Homeownership is central to the American Dream. However, it is hard for many from minority communities to achieve, according to a report by Brookings Institute, titled “The devaluation of assets in black neighborhoods” that addressed the cost of racial bias.
The report found that owner-occupied homes in black neighborhoods are undervalued by $48,000 per home on average, amounting to $156 billion in cumulative losses. It stated that black communities face major impediments to building wealth, commencing and investing in business ventures as well as attaining a proper education, even today.
Analyzing the devaluation of black homeownership, the report found that a majority of black neighborhoods hold $609 billion in owner-occupied housing assets comprising approximately 10,000 public schools and over three million businesses. However, homes in neighborhoods with a population 50 percent black people are valued at roughly half the price compared to homes in neighborhoods with no black residents. The analysis is restricted to113 metropolitan areas with at least one majority black neighborhood. Comparing home values in majority black neighborhoods with those where less than 1 percent of residents are black, homes in majority black neighborhoods have greater appreciation values.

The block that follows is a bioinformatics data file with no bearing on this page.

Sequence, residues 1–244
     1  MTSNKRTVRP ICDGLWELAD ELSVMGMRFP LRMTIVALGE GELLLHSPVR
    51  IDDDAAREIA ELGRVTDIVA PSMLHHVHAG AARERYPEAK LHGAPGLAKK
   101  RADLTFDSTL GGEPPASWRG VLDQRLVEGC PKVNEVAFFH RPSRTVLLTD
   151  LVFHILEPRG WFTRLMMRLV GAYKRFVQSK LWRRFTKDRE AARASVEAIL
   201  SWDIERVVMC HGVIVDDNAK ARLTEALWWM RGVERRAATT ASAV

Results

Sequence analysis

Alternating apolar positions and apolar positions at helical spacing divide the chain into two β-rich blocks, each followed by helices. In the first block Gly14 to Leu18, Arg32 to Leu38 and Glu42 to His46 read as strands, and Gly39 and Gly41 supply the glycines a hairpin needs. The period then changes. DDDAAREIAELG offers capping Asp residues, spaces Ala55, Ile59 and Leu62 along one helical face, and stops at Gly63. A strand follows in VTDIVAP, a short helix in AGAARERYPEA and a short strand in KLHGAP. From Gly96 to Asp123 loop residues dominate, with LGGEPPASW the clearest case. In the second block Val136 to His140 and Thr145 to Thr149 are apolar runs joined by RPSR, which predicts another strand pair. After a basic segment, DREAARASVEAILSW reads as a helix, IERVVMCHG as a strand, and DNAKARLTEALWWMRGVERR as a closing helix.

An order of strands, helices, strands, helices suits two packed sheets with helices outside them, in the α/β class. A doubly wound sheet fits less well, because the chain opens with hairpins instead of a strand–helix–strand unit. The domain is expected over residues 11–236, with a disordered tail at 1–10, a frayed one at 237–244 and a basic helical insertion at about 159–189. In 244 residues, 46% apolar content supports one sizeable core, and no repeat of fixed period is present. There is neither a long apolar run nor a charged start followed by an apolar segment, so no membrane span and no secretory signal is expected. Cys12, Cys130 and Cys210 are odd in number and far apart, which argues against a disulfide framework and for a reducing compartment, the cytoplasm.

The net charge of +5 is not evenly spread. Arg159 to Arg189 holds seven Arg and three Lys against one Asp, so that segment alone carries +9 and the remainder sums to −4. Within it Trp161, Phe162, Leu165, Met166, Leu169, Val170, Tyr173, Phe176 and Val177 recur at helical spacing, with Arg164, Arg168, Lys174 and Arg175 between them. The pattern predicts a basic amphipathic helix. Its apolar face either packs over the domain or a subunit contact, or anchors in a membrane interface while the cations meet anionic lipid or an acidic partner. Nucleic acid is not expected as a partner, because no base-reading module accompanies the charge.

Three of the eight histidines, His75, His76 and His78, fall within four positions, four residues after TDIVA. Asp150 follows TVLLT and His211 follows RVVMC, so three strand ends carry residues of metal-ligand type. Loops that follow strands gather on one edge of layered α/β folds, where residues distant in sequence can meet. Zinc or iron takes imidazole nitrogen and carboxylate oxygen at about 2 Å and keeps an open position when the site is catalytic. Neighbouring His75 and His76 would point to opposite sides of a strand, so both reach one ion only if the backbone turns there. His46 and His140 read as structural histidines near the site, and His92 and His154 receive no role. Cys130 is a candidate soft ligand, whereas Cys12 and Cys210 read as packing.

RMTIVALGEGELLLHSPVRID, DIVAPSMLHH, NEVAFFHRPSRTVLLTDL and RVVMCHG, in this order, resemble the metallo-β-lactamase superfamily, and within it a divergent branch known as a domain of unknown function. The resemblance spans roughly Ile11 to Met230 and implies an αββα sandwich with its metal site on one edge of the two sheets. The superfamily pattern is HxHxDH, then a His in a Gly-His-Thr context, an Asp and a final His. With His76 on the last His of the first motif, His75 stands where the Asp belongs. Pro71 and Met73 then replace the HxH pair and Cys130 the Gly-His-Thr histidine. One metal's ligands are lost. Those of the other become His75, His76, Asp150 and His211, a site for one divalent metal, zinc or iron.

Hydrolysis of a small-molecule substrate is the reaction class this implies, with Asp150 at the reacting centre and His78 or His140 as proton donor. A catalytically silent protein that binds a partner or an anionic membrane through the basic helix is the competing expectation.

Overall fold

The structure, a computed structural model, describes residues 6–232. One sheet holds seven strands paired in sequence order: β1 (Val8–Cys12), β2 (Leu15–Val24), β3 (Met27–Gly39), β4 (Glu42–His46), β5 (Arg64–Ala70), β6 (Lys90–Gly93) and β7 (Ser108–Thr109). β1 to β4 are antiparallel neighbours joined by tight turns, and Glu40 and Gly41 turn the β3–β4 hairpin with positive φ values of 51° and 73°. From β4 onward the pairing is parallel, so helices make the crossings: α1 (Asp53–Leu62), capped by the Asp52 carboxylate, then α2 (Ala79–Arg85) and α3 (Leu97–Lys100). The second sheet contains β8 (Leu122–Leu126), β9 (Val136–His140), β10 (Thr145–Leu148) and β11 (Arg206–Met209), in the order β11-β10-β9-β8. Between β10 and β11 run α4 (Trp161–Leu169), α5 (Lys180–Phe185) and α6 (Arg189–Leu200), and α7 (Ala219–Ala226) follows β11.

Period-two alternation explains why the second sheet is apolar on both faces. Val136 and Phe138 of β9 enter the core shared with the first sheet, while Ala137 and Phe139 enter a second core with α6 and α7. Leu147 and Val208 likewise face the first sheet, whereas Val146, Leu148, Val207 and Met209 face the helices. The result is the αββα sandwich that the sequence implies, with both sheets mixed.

The analysis notes that neighborhood quality is not the key reason for the devaluation of homes in black neighborhoods. Homes of similar quality in neighborhoods with similar amenities are worth 23 percent less ($48,000 per home on average, amounting to $156 billion in cumulative losses) in majority black neighborhoods, compared to those with very few or no black residents.
The metro areas surveyed revealed that 10 percent of neighborhoods are majority black, home to 41 percent of the black population living in metropolitan areas and 37 percent of the U.S. black population. Approximately 5 million non-black Americans live in majority black neighborhoods, the report indicated.
This analysis confirmed the findings that there is a significant correlation between the devaluation of homes in black neighborhoods and the upward mobility of black children in metropolitan areas with majority black neighborhoods, from a statistical standpoint.
According to the report, the median home value in majority black neighborhoods is $52,578 while the estimated median home value in majority black neighborhoods, in absence of devaluation is $65,704. The dissimilarity index of the report stated that 57 percent of the white population would need to move to a different neighborhood for the white and black population to be distributed evenly.